If you find out that you happen to sweat a lot and you are unable to control it, it could be Hyperhidrosis and it sure affects more than just your clothes. It can have an extremely negative impact on your quality of life.
Everyone gets hot and sweaty from time to time, but excessive sweating is a medical condition known as hyperhidrosis (or primary hyperhidrosis), and it can be extremely isolating and distressing.
Hyperhidrosis is more common than you might think and affects a significant percentage of the world’s population. If you’re wondering whether you have this condition, here are the signs of hyperhidrosis.
You Sweat Beyond Expectation
The main sign of hyperhidrosis is that you sweat in a way that is extreme and unnecessary given the situation. This condition makes you sweat beyond what the body needs to control temperature or react to stimuli.
For many affected people, hyperhidrosis sweating can be drenching and four or five times what may be considered a ‘normal’ reaction to stress, exercise, or heat.
While a person with hyperhidrosis may certainly sweat even more during hot weather, they may also sweat just as much in an air-conditioned room.
You Can’t Control Your Sweats
Common areas of the body affected by hyperhidrosis are the palms of the hands, the soles of the feet, the underarms, the face or scalp, and the groin or buttocks region. Experts say it can be constant, or come on suddenly without warning.
In many cases, the sweating is so excessive that it drips, soaks clothing, or ruins objects held in the hands.
You Try To Hide Your Sweats
One sign that you may have this condition is when you use towels, fans, special clothing, pads, make-up, or powders to attempt to “hide” your sweating. You may also have to change clothing or shoes several times during the day, and carry multiple identical items of clothing so these wardrobe changes are not noticeable.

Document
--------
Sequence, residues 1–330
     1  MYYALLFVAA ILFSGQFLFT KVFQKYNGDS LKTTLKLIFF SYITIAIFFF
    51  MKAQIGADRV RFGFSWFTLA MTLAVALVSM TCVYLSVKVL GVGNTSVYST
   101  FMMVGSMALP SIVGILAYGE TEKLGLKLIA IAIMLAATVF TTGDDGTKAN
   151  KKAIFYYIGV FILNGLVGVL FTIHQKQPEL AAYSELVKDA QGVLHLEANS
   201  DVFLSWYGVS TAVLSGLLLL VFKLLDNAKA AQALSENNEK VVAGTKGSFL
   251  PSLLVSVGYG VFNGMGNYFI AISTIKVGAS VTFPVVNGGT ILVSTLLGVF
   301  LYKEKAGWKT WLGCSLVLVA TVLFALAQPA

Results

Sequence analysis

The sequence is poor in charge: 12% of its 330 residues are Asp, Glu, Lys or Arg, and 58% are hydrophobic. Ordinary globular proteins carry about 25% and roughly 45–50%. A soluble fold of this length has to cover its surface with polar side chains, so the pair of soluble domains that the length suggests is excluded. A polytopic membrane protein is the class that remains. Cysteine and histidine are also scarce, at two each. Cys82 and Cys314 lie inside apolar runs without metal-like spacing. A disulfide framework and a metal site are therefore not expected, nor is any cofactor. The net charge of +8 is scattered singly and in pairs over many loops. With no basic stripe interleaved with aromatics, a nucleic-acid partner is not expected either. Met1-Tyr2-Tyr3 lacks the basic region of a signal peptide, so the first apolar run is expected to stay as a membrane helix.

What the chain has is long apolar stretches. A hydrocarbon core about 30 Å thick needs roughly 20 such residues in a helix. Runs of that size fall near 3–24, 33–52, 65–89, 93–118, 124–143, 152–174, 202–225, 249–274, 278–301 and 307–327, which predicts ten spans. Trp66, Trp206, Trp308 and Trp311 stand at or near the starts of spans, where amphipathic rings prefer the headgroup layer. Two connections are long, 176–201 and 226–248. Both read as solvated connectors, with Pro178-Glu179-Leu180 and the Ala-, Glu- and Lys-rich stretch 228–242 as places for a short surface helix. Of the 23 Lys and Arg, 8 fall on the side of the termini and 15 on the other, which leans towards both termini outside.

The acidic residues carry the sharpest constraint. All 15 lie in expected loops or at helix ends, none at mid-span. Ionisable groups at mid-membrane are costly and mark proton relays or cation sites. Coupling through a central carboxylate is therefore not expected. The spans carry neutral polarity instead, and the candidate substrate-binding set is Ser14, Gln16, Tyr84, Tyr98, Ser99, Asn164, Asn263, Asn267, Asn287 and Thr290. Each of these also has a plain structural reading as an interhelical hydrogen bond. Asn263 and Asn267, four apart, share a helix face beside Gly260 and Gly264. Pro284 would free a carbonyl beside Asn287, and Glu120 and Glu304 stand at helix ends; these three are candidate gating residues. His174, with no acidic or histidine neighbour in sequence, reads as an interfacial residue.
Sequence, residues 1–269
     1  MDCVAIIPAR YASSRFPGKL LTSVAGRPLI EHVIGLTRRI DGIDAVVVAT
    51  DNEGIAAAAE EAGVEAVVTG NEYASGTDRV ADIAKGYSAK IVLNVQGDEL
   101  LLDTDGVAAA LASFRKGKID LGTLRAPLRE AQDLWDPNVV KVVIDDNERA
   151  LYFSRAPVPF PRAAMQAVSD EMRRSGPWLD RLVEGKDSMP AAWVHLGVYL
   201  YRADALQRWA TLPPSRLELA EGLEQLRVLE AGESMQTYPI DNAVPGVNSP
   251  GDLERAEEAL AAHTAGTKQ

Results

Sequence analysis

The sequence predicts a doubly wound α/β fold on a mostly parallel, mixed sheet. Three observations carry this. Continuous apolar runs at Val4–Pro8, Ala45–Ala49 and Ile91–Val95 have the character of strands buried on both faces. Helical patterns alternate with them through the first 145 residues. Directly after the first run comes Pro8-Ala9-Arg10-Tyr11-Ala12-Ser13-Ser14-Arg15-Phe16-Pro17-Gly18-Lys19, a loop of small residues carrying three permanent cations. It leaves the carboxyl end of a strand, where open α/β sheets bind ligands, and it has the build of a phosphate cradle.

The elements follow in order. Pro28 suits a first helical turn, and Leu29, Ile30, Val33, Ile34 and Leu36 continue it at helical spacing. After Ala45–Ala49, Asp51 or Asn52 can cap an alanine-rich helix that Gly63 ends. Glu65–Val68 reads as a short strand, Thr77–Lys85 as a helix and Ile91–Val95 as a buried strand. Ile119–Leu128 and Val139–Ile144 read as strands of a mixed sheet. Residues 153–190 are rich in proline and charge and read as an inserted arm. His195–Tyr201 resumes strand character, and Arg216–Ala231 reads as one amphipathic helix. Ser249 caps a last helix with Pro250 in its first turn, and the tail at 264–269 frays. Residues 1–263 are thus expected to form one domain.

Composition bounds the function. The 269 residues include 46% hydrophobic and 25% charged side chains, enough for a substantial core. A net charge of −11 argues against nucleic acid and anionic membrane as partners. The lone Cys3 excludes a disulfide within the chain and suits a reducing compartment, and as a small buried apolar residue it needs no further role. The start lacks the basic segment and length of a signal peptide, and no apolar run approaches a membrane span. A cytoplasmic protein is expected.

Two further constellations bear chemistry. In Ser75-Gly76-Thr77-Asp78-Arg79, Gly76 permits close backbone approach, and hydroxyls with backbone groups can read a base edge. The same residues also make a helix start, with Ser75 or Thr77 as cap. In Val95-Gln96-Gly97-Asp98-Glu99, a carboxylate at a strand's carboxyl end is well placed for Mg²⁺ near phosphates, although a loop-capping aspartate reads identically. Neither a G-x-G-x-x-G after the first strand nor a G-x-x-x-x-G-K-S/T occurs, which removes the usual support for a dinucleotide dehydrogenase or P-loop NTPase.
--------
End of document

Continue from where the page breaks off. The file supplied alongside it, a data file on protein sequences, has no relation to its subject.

Your Worries About Sweating Is Affecting Your Life
Hyperhidrosis can affect confidence or cause psychosocial issues like fear, anxiety, sadness, or isolation. In certain situations, it can cause a person to avoid situations, change careers, or lose opportunities due to social stigma.
In a 2017 report published in the journal Health and Quality of Life Outcomes, 69 percent of hyperhidrosis patients reported an impact on their psychological well-being. Additionally, concerns related to other people’s negative reactions and judgment were reported by 64 percent.
Many of them revealed that their condition affected their enjoyment of hobbies and interfered with daily activities, and most of them reported low self-esteem and a negative self-image because of their condition.